Golf GTI’s Northern Irish grandparents

Without Ballymena’s Robert McBurney we might not have had 45 years of fun

Time to go and meet the grandparents. No not me, I’m afraid my grandparents have long since passed on. However, there is someone, something, that’s the same age as me that I can bring to meet a distant ancestor.

It’s the Volkswagen Golf GTI and it’s the same age as me; 45 years old this year. Well, actually, that’s not quite right. You see the Golf GTI in general is 45 years old this year, but right-hand drive versions of the Golf GTI didn’t start to appear for another year after the original 1976 launch, and there is a very strong Irish connection to the right-hand drive Golf GTIs that we’ve been able to enjoy for the past four decades.

We'll come back to that in a moment, but let's first consider the scene in front of us. On one side of the car park is a brand new Volkswagen Golf GTI Clubsport. This is, in so many ways, a truly remarkable vehicle. It has 300hp – more power than an early 1990s Porsche 911 – but it is in every conceivable way a truly practical family hatchback. In spite of its 5.6 seconds 0-100km/h time, it is roomy, comfortable, and has just averaged 6.7-litres per 100km fuel economy on the way to Fermoy, Co Cork.

Why Fermoy? Because we've brought the Golf GTI, on the occasion of its 45th birthday, to see its grandad. Wayne McCarthy from classic car specialists Edgewood Automotive has thrown open the garage doors and wheeled out the Clubsport's grandad – a 1992 VW Golf GTI 8v MkII.


Resplendent in red, complete with original inspection stickers, a first aid kit, and with a mere 93,000 miles on the clock, the ‘92 GTI is in some ways everything the modern car isn’t. It’s slow – at least by modern standards, taking almost twice the current car’s time to reach 100km/h (9.7 seconds in period, and I wouldn’t go trying such a clutch-frying standing start now) – and it’s simple.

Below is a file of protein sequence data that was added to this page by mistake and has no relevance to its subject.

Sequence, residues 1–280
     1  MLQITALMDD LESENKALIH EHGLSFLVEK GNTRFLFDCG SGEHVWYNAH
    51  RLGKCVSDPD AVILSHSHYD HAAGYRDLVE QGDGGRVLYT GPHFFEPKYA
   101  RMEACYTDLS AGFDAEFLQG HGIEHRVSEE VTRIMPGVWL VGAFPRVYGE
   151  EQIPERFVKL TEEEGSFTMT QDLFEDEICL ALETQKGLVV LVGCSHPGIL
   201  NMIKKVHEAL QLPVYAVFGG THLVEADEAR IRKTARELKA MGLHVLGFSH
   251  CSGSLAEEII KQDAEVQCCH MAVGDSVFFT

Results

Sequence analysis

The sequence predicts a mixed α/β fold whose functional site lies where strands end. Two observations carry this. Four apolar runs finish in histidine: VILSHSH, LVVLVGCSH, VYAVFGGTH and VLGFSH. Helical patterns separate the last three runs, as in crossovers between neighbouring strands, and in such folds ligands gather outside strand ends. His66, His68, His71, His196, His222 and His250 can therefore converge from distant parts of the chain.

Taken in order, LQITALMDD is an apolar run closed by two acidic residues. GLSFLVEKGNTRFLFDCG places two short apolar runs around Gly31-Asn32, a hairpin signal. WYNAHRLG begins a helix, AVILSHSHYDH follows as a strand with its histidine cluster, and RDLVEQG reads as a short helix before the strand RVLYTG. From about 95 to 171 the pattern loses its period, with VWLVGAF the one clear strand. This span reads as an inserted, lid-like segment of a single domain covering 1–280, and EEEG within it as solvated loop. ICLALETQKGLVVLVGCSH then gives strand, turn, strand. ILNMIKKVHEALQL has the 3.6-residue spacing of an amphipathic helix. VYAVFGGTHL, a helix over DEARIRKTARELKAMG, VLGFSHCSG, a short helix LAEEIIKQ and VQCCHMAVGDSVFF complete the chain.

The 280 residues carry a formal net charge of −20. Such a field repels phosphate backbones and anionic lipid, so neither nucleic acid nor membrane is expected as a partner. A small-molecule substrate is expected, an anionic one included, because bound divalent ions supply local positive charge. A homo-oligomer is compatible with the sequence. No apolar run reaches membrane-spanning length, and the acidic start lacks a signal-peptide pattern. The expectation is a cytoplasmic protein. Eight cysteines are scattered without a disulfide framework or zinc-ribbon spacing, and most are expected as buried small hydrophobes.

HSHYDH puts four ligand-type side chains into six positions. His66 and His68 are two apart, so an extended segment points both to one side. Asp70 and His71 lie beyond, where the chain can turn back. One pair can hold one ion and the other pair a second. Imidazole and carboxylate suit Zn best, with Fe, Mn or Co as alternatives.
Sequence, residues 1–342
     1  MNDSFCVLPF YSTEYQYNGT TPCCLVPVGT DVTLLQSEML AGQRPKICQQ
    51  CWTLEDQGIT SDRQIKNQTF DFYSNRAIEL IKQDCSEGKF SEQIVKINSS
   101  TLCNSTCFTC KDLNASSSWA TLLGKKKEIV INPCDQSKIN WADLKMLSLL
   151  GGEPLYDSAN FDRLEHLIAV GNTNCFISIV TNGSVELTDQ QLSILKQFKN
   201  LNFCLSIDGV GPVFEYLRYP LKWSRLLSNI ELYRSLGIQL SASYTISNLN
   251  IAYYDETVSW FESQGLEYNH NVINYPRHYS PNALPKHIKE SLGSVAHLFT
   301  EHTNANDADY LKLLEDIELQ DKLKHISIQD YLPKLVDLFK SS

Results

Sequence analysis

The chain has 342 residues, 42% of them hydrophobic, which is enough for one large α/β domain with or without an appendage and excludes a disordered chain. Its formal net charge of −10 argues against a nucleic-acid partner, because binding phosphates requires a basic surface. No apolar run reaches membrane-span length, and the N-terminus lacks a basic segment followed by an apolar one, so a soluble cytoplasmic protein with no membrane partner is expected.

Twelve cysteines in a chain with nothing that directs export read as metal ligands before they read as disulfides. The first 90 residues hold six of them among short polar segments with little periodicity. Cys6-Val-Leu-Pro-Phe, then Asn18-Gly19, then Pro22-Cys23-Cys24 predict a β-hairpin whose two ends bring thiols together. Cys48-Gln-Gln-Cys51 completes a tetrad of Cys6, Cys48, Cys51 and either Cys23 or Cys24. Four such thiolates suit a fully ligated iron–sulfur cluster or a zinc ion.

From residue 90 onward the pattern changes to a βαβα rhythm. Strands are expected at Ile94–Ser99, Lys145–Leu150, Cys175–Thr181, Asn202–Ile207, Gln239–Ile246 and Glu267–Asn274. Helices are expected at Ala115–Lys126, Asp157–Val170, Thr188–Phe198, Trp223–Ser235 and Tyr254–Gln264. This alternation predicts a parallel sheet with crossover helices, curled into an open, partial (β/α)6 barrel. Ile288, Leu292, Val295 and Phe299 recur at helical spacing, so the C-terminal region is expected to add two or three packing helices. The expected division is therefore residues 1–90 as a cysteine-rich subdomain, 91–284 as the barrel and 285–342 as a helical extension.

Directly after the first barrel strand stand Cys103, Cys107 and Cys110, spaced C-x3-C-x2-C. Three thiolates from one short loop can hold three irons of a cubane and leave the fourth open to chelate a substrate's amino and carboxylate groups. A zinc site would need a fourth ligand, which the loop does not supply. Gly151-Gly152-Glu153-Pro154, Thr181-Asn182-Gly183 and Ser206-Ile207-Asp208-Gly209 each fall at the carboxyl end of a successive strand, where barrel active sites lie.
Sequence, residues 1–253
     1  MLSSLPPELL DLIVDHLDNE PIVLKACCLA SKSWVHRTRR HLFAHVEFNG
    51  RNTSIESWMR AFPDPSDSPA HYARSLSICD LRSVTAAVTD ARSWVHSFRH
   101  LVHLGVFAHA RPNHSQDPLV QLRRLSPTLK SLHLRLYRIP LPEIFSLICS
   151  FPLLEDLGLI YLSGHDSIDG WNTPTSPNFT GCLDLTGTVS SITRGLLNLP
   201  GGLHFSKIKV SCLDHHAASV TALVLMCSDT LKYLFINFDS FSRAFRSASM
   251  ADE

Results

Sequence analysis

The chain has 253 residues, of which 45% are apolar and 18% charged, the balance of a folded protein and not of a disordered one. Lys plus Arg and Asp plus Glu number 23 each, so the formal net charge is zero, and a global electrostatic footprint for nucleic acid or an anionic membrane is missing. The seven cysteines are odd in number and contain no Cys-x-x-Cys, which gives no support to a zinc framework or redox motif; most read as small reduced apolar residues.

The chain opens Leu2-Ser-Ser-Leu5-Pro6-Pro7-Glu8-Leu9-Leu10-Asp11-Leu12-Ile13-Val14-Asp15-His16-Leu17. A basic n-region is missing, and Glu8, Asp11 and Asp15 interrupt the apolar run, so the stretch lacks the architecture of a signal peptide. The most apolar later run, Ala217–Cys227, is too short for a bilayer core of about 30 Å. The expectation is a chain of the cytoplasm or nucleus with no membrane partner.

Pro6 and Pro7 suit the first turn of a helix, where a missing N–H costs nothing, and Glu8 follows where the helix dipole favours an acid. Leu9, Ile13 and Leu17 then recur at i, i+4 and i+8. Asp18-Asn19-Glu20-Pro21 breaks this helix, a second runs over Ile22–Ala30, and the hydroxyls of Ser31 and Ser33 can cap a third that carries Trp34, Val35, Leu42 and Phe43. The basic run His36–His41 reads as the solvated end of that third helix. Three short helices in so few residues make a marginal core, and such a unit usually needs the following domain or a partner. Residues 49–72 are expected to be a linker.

A five-speed manual gearbox compared to the new GTI’s computer-controlled seven-speed dual-clutch auto. A simple eight-valve 1.8-litre naturally aspirated engine compared to the turbocharged 300hp monster in the nose of the Clubsport. Both get bucket seats (the 92’s made by seat experts Recaro) and both have the superimposed VW badge on the nose, but that’s where the similarities run out, right?

Happy growl

Well, yes, but also no. There is direct connective tissue between the two cars beyond the name and the badge. Of course the earlier car is slower – how could it not be?

But the eight-valve’s happy growl as you accelerate has a resonance in the noises made by the new car and the ample grunt on offer – 112hp and 155Nm does not sound like much but with a mere 920kg to haul around the MkII GTI never feels slow and gives you some of the same sensations on the road. Ditto the light, but fast, power steering.

In some ways the original car is far superior to the new one. Okay, I doubt we'd have driven from Belfast to north Cork quite so comfortably nor as economically in the older car, but its simple, clear instruments and chunky switches mounted a mere finger's stretch away from the rim of the steering wheel put the new GTI's fiddly, over-complex touchscreens to shame.

As does the ‘92 Golf’s ability to entertain and invigorate at low speeds – so incredibly capable is the Clubsport that you have to be doing silly speeds to squeeze much fun from it.

Of course it's notable in both cars that you're sitting on the right, as befits a car sold in Ireland. That almost didn't happen, though. Back in 1976, when VW created the first Golf GTI, it was meant to be a limited-run thing (VW would have been happy at the time with 5,000 sales) and right-hand drive was strictly verboten. It could not be done, reckoned the engineers in Wolfsburg.